pack -side top -padx 3
frame .status.spdif
label .status.spdif.text -text "SPDIF In" -justify left
label -text "--.- kHz" -anchor n -width 10 -font times
checkbutton .status.spdif.error -selectcolor red -text "Input Lock" -anchor nw -width 10 -variable spdiferr -font times
pack .status.spdif.text .status.spdif.error -side top -padx 3
pack .status.lock .status.sync .status.spdif -side left -fill x -anchor n -expand 1
proc setprof {} {
global spprof
exec $CTRLPROG pro $spprof
proc setemph {} {
global spemph
exec $CTRLPROG emphasis $spemph
proc setnoaud {} {
global spnoaud
exec $CTRLPROG dolby $spnoaud
proc setoptical {} {
global spoptical
exec $CTRLPROG optout $spoptical
proc setspdifin {} {
global spdifin
exec $CTRLPROG spdifin [expr $spdifin - 1]
proc setsyncsource {} {
global syncsource
exec $CTRLPROG syncref [expr $syncsource -1]
proc setmaster {} {
global master
exec $CTRLPROG master $master
proc setwordclock {} {
global wordclock
exec $CTRLPROG wordclock $wordclock
proc setadat1cd {} {
global adat1cd
exec $CTRLPROG adat1cd $adat1cd
frame .control
frame .control.spdif
label -text "SPDIF In" -justify left
radiobutton -text "Optical" -anchor nw -width 13 -variable spdifin -value 1 -command setspdifin -selectcolor blue -font times
radiobutton -text "Coaxial" -anchor nw -width 13 -variable spdifin -value 2 -command setspdifin -selectcolor blue -font times
radiobutton -text "Intern " -anchor nw -width 13 -variable spdifin -command setspdifin -value 3 -selectcolor blue -font times
checkbutton -text "ADAT1 Intern" -anchor nw -width 13 -variable adat1cd -command setadat1cd -selectcolor blue -font times
frame .control.spdif.out
label .control.spdif.out.text -text "SPDIF Out" -justify left
checkbutton -text "Professional" -anchor nw -width 13 -variable spprof -command setprof -selectcolor blue -font times
checkbutton .control.spdif.out.emphasis -text "Emphasis" -anchor nw -width 13 -variable spemph -command setemph -selectcolor blue -font times
checkbutton .control.spdif.out.dolby -text "NoAudio" -anchor nw -width 13 -variable spnoaud -command setnoaud -selectcolor blue -font times
checkbutton .control.spdif.out.optout -text "Optical Out" -anchor nw -width 13 -variable spoptical -command setoptical -selectcolor blue -font times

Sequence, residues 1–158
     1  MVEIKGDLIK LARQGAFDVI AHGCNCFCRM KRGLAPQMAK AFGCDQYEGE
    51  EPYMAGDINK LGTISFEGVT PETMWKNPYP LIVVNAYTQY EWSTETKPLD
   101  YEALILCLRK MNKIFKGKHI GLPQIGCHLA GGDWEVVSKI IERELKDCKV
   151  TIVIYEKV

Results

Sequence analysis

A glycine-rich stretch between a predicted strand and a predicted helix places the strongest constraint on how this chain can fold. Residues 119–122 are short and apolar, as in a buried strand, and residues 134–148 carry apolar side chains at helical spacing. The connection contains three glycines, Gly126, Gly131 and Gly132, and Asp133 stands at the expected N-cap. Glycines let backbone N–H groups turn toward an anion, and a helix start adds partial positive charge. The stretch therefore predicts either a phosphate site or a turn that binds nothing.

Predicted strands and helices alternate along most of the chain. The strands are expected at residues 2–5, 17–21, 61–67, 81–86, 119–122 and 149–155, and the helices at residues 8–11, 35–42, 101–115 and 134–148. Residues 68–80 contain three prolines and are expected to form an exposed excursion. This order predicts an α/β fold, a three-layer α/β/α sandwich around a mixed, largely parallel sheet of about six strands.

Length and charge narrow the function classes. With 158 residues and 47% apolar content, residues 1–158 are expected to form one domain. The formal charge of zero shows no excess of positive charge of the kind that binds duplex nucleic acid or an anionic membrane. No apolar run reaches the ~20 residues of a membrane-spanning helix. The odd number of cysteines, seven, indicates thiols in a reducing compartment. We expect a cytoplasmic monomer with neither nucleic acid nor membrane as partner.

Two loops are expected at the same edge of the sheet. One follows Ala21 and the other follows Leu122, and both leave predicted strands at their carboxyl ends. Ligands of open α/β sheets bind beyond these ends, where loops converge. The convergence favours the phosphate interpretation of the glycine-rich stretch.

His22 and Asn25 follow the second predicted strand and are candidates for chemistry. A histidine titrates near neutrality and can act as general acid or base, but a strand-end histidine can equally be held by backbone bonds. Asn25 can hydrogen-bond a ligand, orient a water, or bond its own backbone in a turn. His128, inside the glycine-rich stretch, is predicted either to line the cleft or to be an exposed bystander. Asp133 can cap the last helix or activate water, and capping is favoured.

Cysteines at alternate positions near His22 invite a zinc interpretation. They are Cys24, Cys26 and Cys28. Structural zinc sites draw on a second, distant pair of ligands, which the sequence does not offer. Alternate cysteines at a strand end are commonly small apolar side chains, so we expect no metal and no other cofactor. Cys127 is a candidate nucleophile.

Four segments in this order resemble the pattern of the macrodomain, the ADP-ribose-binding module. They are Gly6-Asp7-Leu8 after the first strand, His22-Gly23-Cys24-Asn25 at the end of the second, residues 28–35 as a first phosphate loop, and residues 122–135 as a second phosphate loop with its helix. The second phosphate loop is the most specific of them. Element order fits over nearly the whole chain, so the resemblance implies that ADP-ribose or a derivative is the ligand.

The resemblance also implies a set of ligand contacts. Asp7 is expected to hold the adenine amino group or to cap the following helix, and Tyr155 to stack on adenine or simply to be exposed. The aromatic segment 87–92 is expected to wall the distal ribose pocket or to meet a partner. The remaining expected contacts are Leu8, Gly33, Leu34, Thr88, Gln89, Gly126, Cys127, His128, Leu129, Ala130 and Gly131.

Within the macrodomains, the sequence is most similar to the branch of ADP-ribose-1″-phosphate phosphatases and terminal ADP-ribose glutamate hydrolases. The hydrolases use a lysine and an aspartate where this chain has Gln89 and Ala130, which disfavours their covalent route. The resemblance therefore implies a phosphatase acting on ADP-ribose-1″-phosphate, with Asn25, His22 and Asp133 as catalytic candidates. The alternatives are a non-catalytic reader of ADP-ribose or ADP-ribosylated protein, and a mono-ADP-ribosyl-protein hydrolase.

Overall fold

pack .control.spdif.out.optout .control.spdif.out.dolby .control.spdif.out.emphasis .control.spdif.out.text -side bottom
pack .control.spdif.out -side top -fill y -padx 3 -expand 1
# Sync Mode & Sync Source
frame .control.sync
frame .control.sync.mode
label .control.sync.mode.text -text "Sync Mode" -justify left
checkbutton .control.sync.mode.master -text "Master" -anchor nw -width 13 -variable master -command setmaster -selectcolor blue -font times
checkbutton .control.sync.mode.wc -text "Wordclock" -anchor nw -width 13 -variable wordclock -command setwordclock -selectcolor blue -font times
pack .control.sync.mode.text .control.sync.mode.master .control.sync.mode.wc
frame .control.sync.src
label .control.sync.src.text -text "Sync Source" -justify left
radiobutton .control.sync.src.input1 -text "ADAT1" -anchor nw -width 13 -variable syncsource -value 1 -command setsyncsource -selectcolor blue -font times
radiobutton .control.sync.src.input2 -text "ADAT2" -anchor nw -width 13 -variable syncsource -value 2 -command setsyncsource -selectcolor blue -font times
radiobutton .control.sync.src.input3 -text "ADAT3" -anchor nw -width 13 -variable syncsource -command setsyncsource -value 3 -selectcolor blue -font times
radiobutton .control.sync.src.input4 -text "SPDIF" -anchor nw -width 13 -variable syncsource -command setsyncsource -value 4 -selectcolor blue -font times
pack .control.sync.src.input4 .control.sync.src.input3 .control.sync.src.input2 .control.sync.src.input1 .control.sync.src.text -side bottom
pack .control.sync.mode .control.s